How about you? How goes quarantine for you?

Life in quarantine

My life

Did you know that Shakespeare wrote King Lear during a quarantine? Well, I do now. To which I say Shakespeare wasn’t the primary caregiver of two children who are suddenly home until May 4th (but probably the rest of the year).

Well, The Lioness and the Mouse isn’t exactly King Lear, but editing is going. I’m working on a couple of other projects, but nothing worth sharing about yet.

My writing sanctuary is now a little more full these days. I’m trying to figure out what time of day now works to get my writing done (right now my kids are having “P.E.” so I’m stealing the time at my kitchen table, which had been my favorite writing spot ). My partner and I are trying to figure out who works where so that he can do his meetings without being bothered and I can get my work done without being bothered. I was thrilled when he decided our youngest daughter’s room was the best place in terms of light, privacy, and a power strip that wasn’t already full. That leaves our bedroom and bathroom to me (I hate using the kid’s bathroom–it’s messier than ours).

The fact that I was a teacher for five years (six if you count student teaching) is completely irrelevant. I used to teach middle school math, but today when my oldest had to figure out the height of a triangle based off the base number and the area number. I’ve taught how to do this. I don’t remember it at all. My husband stepped in, and he found out that our daughter hasn’t been watching the instructional videos, so it’s not surprising that she was struggling so much.

The fact that I was a teacher doesn’t matter to my eight year old when I told her she could add more details to her story (which was like five sentences). I was on my bed, so she faceplanted, then rolled around whining “I don’t want to” and then “I don’t want to be an author.” I suggested to her teacher that he do a call a week where the kids could connect, and my daughter was rejuvenated by the contact with her friends (and has now added details).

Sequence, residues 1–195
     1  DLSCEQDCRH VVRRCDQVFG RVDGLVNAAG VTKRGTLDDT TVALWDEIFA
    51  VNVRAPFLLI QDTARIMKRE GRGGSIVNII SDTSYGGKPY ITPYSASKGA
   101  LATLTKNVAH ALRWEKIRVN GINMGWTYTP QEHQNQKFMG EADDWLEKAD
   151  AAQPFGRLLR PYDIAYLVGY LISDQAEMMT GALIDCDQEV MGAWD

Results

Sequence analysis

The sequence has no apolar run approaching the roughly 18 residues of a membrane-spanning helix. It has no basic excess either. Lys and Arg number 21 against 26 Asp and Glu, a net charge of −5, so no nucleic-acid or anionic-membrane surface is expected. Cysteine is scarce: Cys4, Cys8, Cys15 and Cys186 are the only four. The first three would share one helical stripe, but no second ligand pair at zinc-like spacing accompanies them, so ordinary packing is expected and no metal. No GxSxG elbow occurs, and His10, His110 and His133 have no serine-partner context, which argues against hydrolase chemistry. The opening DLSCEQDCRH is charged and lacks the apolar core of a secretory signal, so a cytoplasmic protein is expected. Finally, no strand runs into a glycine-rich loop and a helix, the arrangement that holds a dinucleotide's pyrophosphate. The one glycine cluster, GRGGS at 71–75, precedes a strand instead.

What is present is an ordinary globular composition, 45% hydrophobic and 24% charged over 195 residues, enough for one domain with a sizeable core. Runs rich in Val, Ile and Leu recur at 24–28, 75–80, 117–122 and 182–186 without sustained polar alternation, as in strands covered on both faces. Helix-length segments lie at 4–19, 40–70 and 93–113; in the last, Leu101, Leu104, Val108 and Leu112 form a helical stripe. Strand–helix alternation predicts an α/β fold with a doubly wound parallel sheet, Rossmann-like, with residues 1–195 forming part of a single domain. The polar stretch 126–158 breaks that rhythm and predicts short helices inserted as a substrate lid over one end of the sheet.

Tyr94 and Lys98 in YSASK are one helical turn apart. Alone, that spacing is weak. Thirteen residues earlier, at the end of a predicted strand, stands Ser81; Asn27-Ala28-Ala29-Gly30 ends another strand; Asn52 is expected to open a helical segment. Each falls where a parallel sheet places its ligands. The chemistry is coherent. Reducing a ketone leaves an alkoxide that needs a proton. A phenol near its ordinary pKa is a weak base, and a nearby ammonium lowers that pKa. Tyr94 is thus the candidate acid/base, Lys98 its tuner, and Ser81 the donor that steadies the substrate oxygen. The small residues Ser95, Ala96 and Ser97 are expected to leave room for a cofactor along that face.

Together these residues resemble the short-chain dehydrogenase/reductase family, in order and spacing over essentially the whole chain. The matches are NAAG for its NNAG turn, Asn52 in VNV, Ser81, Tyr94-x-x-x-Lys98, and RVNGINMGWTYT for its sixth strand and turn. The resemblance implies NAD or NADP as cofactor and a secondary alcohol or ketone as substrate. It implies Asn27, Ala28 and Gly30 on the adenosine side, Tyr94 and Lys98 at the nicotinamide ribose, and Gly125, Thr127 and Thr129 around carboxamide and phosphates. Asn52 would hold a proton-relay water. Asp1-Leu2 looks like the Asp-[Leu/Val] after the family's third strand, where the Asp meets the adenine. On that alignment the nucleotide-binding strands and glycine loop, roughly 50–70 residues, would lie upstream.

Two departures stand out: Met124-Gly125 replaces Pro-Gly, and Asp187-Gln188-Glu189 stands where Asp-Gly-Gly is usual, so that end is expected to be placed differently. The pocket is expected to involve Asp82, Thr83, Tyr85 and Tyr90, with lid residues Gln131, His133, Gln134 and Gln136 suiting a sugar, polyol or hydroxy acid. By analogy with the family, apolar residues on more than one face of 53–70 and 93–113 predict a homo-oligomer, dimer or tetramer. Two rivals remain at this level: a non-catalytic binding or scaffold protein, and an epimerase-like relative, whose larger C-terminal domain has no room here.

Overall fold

Speaking of becoming an author, my oldest is writing a Percy Jackson fanfic with two or three of her friends in GoogleDocs, which I think is the coolest thing ever. When I was in high school, I subscribed to a Mercedes Lackey fan zine called Queen’s Own, I think. (I Googled and I couldn’t find the name, which makes me a little sad.) One of the features of the zine was finding pen pals, which I did. My penpal used the name Jaila, and I used the name Lyria. We began a joint fanfic, but one of us would write a chapter and then we had to mail it to the other person. Neither of us had access to a word processor or computer, I guess, because I know it was all handwritten. I’m so sad it’s lost to the sands of time—it was such a product of our ages and the 90’s and how much we both really wanted a talking horse.

I think for me one of the biggest struggles with confinement isn’t the confinement (I”m an introvert, and I already worked from home), it’s dealing with my eating disorders in this context. One of my coping mechanisms over the past two years has been to not eat. I’ve definitely had that, and I’ve missed some meals. But I try to remind myself how awful the experience of refeeding and attending a partial hospitalization program was and that has forced me to eat something at least even when I don’t want to. That’s my anorexia in action. My ARFID (avoidant restrictive food intake disorder) means that I have a relatively small amount of food I consider “safe” to eat, and most other foods incite anxiety and nausea. When I grocery shop, I carefully plan out what I’ll buy and cook in advance. Now I have to go to the grocery store and wing it, which is really stressful.